Chazz Young

From Wikipedia, the free encyclopedia
Jump to navigation Jump to search
Chazz Young
Chazz Young 01.jpg
Young at Masters of Lindy Hop and Tap, Century Ballroom, Seattle, Washington, 14 August 2009
Born
Charles Young

(1932-11-08) November 8, 1932 (age 87)
OccupationChoreographer
Dancer
Spouse(s)Rheda
Parent(s)Frankie Manning

Charles "Chazz" Young[1] (born November 8, 1932) is an American choreographer and teacher of tap dance.

Early life and education[edit]

Young was born to father Frankie Manning, a dancer during the swing era, and mother Dorothy Young.[2]

In 1943, at the age of 11, he saw his father, who was a member of Whitey's Lindy Hoppers, perform for the first time.[2]

Young would practice dancing in the hallways during the lunch hour at school, while waiting for the train, and on the marble stoops.[3]

He learned tap dancing at the Mary Bruce School in Harlem, which is where he met his wife, Rheda.[3]

In 1956, he graduated from the New York School for the Performing Arts.[3]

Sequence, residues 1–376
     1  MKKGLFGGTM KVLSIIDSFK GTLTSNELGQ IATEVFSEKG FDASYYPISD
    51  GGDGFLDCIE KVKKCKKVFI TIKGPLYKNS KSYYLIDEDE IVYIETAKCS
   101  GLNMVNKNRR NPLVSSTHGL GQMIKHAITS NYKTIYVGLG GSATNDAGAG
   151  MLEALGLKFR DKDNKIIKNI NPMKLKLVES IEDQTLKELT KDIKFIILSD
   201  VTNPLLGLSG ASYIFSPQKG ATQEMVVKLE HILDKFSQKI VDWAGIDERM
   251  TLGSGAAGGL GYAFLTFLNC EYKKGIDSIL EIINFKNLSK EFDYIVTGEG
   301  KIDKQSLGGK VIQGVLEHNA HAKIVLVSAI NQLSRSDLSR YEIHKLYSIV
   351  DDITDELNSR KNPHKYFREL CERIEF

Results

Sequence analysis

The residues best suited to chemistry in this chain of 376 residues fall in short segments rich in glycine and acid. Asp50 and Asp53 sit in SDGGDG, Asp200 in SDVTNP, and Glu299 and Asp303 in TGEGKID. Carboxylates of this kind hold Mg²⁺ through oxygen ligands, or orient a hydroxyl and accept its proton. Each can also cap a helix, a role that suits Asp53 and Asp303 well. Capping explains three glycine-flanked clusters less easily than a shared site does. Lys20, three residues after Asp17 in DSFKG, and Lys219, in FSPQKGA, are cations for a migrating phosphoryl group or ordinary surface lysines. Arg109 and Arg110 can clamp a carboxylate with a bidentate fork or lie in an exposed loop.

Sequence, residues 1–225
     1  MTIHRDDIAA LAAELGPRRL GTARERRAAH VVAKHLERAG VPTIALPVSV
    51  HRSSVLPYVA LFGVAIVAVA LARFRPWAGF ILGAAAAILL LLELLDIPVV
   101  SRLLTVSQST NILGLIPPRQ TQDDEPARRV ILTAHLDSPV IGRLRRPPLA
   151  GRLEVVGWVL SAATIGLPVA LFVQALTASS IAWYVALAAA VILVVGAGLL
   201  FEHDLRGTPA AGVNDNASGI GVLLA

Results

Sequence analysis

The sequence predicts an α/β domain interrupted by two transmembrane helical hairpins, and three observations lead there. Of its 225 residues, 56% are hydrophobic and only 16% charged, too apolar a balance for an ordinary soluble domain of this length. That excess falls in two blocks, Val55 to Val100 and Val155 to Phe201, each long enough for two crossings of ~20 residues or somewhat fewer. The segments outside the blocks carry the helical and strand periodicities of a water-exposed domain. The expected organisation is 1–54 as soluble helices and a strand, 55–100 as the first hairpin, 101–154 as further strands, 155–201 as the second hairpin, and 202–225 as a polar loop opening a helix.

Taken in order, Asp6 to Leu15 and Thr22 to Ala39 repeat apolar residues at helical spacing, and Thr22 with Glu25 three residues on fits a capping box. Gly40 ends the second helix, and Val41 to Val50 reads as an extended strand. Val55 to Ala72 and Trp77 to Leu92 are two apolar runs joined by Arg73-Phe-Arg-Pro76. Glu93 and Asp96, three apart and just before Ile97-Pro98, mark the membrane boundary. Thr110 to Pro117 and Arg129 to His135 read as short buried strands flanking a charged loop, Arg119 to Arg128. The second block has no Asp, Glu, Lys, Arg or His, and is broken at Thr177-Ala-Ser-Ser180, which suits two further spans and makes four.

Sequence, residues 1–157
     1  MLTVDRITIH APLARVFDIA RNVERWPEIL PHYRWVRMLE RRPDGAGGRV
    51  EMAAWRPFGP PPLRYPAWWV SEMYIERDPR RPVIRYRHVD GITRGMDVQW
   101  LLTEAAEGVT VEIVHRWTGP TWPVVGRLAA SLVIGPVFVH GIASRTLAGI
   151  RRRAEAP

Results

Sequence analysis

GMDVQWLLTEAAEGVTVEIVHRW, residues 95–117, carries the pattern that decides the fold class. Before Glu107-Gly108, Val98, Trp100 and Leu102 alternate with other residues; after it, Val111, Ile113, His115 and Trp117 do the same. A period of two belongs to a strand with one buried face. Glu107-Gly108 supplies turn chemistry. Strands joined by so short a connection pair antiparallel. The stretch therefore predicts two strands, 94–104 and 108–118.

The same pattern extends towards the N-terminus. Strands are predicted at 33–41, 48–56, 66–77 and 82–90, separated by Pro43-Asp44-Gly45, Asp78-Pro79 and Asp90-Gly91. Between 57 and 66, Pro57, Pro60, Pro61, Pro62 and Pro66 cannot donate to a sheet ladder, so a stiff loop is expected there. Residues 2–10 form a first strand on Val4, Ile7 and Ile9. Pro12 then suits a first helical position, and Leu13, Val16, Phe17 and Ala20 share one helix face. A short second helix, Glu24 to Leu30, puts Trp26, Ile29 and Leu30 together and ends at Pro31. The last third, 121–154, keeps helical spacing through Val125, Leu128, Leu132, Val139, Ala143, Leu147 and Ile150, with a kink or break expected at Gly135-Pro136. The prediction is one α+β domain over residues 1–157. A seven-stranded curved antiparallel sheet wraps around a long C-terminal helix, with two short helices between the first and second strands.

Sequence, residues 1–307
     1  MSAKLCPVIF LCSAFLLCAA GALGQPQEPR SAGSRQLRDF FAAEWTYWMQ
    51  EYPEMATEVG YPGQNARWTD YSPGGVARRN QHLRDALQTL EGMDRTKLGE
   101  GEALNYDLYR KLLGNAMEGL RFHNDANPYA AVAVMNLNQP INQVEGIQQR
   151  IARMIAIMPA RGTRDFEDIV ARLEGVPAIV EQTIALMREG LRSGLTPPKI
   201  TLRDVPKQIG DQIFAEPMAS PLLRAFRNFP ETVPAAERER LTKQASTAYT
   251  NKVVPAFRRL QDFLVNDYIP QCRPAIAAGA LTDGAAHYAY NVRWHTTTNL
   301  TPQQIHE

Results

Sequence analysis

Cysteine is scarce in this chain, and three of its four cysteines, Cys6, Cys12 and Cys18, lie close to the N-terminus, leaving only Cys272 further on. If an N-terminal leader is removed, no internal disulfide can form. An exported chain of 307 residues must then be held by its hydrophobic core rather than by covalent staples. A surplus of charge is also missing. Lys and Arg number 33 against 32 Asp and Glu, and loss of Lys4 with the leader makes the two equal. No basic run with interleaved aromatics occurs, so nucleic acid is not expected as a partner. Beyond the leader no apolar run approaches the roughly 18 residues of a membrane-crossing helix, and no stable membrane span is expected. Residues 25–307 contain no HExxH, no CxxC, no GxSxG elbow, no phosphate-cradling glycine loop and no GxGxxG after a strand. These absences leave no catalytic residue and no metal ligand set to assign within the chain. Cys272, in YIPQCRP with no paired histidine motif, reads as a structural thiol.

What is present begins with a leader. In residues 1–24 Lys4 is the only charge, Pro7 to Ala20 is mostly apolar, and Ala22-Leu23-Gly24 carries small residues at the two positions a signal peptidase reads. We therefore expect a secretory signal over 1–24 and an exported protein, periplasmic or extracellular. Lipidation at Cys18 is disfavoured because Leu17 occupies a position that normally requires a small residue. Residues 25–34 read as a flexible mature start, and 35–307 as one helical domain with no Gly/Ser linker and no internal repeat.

Career[edit]

After graduating in 1956, Young and his wife joined Norma Miller and Her Jazzmen, formed by Norma Miller. Young was a member of the group for 14 years.[3][4]

Young temporarily stopped dancing professionally after rock and roll became popular and clubs stopped hiring him. From the late 1960s through 1994, Young worked in a post office.[3]

In 1992, Young was a dance assistant in Spike Lee's film Malcolm X.

Young has presented at Herräng Dance Camp[5] and has taught in Malaysia.[6]

Documentary appearances[edit]

Year Documentary
2005 Swing Invasion
2010 Frankie Manning: Ambassador of the Lindy Hop
2016 Alive and Kicking

References[edit]

  1. ^ JOHNSON, CAROLL L. "1930s Dance Revival". Library of Congress.
  2. ^ a b Manning, Frankie; Millman, Cynthia (2007). Frankie Manning: Ambassador of Lindy Hop. Philadelphia: Temple University Press. ISBN 978-1-59213-563-9.
  3. ^ a b c d e RIMER, SARA (September 2, 1987). "About New York; Echoes of Past Infuse Dancers With Rhapsody". The New York Times.
  4. ^ DOYLE, DOUG (May 6, 2019). "WBGO Remembers Legendary Lindy Hopper Norma Miller". WBGO.
  5. ^ "Herrang Dance Camp: Special Guests". Herrang Dance Camp.
  6. ^ Heng, Natalie (April 3, 2013). "Young at heart". The Star.

External links[edit]